The lead-off track of Belle & Sebastian’s 1998 album The Boy With the Arab Strap, ‘It Could Have Been a Brilliant Career’ is a classic example of the band’s early style. I’ll stack the music on B&S’s first three albums against pretty much anything ever.
Nobody does acoustic melancholy like the Scottish septet. They later expanded their sound, branching into pop and even dance music quite successfully, but for me this will always be the quintessential Belle & Sebastian sound.
Today’s Random iTunes Selection comes at a good time.
I’ve been a bit down on Belle and Sebastian lately due to the uncharacteristic mediocrity of their most recent release. The band’s first new material since 2015’s Girls in Peacetime Want to Dance is a collection of EPs that combine to form a 15-track album titled How to Solve Our Human Problems. And for my money, it’s the weakest thing they’ve ever recorded.
Belle and Sebastian’s 2002 album Storytelling is the soundtrack to the Todd Solondz film of the same name. However, the relationship between the band and Solondz was so poor that only about five minutes of their music made it into the film’s final cut.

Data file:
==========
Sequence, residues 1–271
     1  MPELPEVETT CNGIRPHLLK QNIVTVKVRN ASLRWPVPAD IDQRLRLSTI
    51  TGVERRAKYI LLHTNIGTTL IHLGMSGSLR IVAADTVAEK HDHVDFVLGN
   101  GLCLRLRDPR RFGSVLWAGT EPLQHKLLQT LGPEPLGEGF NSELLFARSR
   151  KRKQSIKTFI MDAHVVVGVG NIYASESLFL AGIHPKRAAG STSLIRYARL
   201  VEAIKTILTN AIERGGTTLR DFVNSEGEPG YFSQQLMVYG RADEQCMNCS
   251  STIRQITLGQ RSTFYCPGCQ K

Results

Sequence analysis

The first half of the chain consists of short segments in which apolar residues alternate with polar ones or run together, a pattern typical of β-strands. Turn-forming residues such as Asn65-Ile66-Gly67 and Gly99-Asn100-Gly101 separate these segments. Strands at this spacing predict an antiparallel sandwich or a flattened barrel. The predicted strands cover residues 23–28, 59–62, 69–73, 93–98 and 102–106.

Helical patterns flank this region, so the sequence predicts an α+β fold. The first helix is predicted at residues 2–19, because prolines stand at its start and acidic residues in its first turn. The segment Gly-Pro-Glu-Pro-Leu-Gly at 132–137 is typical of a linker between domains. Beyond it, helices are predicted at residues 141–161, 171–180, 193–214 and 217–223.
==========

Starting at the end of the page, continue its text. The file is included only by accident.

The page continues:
As a musical release, this is by far the band’s weakest effort. It contains only two or three actual songs interspersed with brief instrumentals and snippets of dialogue. I believe it was released mostly as a contractual obligation, as this was Belle & Sebastian’s final album on the Jeepster label. Continue reading
I recently registered my vote for Talking Heads over Stevie Wonder in the Montauk Madness competition. Today’s random SOTD is one of the reasons why.
I hear the influence of Talking Heads all over the music I like. I’d never expect the delicate Scottish band Belle & Sebastian to lay down a groove like this, but here they are, channeling David Byrne’s ground-breaking work in a move that makes me appreciate both bands even more.
Here’s a Montauk Madness first round matchup that has me hoping my blog audience skews more toward my sensibility than popular consensus. I assume R&B and pop legend Michael Jackson would take down Scottish indie act Belle & Sebastian in a poll of any significant size, by way of name recognition if nothing else.
But as much as I love the King of Pop, especially in his Off the Wall and Thriller days, I can’t give him the nod over one of my very favorite bands.
In Nick Hornby’s High Fidelity, my favorite novel, the protagonist Rob Fleming is obsessed with making lists. Lists about life, love and art — mostly about art.
At one point in the book he, as a record store owner, is asked to provide his top five favorite songs for a column in a local magazine. The prospect of having one of his lists set in stone and published for all the world to see scares him to death.
I’m not sure how much I can really say about a two and a half minute instrumental track from an album of Belle and Sebastian b-sides.
This song has that familiar surf rock sound, which I like. It conjures up a modern western vibe, memorably tapped into by Quentin Tarantino in Pulp Fiction.